Answer to Question #21098 in Atomic and Nuclear Physics for Indrasis Roy
During a positive beta decay, while the proton decays to form a neutron, a positron and a neutrino, there is an increase in mass, but this mass increase is not reflected in certain examples of positive beta decay. Why? where does the increased mass go? and moreover, according to the laws of physics and chemistry, mass remains conserved and is interconvertible to energy. but in this case, mass increases in an intranuclear reaction. is it even possible? Mass should not increase but accpording to the equation it does. Why? Please contact as soon as possible.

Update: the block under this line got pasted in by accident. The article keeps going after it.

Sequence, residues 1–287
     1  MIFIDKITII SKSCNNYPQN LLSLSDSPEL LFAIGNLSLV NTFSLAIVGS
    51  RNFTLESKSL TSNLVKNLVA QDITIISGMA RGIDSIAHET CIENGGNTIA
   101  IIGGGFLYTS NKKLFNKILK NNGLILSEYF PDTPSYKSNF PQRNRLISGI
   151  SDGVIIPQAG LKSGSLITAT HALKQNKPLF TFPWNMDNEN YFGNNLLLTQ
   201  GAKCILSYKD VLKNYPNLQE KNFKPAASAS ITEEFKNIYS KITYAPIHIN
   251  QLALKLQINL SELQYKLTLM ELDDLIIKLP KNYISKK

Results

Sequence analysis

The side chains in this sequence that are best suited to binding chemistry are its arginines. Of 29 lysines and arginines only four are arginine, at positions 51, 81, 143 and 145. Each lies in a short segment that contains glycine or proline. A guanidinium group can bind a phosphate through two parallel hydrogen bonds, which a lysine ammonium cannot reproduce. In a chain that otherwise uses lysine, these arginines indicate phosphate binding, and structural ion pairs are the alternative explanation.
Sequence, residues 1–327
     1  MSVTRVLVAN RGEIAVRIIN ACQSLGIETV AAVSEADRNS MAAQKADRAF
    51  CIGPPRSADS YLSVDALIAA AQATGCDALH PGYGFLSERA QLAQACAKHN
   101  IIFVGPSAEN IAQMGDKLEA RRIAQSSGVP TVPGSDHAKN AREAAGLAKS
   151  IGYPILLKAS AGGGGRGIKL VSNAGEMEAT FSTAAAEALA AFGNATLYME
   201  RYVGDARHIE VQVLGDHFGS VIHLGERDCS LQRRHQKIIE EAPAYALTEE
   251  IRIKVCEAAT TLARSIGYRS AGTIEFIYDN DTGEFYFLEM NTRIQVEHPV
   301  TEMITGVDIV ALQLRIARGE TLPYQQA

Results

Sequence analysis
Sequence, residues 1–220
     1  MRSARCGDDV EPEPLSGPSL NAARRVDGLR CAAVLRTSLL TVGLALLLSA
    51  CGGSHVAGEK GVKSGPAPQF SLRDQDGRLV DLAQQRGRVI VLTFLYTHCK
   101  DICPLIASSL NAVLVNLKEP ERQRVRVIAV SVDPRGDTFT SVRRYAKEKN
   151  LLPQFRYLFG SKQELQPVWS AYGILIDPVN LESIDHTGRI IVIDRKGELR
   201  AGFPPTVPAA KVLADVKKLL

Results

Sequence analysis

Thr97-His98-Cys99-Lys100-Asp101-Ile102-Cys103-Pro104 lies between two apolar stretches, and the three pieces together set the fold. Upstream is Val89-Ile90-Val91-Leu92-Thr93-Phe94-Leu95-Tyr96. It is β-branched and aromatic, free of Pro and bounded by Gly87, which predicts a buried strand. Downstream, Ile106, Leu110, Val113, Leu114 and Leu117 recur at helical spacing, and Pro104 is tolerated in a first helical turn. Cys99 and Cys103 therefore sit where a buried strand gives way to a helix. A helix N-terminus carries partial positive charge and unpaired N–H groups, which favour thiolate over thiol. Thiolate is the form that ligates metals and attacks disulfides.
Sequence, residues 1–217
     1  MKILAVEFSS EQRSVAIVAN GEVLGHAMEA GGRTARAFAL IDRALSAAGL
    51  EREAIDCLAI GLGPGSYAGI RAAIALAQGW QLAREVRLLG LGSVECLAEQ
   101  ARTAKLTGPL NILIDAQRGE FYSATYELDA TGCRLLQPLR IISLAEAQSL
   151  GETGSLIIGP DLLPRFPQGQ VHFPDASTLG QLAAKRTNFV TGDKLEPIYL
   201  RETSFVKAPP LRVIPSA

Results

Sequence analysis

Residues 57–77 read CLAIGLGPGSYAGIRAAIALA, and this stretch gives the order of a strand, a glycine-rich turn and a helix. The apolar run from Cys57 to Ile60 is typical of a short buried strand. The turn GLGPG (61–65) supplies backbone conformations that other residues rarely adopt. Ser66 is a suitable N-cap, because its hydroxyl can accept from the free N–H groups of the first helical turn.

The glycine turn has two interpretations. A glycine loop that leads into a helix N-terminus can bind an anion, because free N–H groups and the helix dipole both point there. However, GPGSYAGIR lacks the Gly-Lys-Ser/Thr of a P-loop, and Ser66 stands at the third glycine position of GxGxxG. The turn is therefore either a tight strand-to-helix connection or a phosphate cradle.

Free proton decay is forbidden by the law of conservation of energy. Proton can decay in the nucleus, if: Мх(А,Z)>My(A, Z-1) + me, where Mx - the mass of the initial nucleus, My - the mass of the nucleus after emission, me - mass of the electron. When a nucleus breaks apart or undergoes a nuclear reaction the mass of the products is less than the mass of the initial nucleus. Missing mass is converted into energy.& And the mass of the initial nucleus is equal to the mass of the daughter nucleus plus the mass of the emitted particle plus - according to Einstein's equation E=mc2- the energy emitted in the decay and divided by c2. The energy that must be expended to split the nucleus into its component parts is called the binding energy of the nucleus ℰb.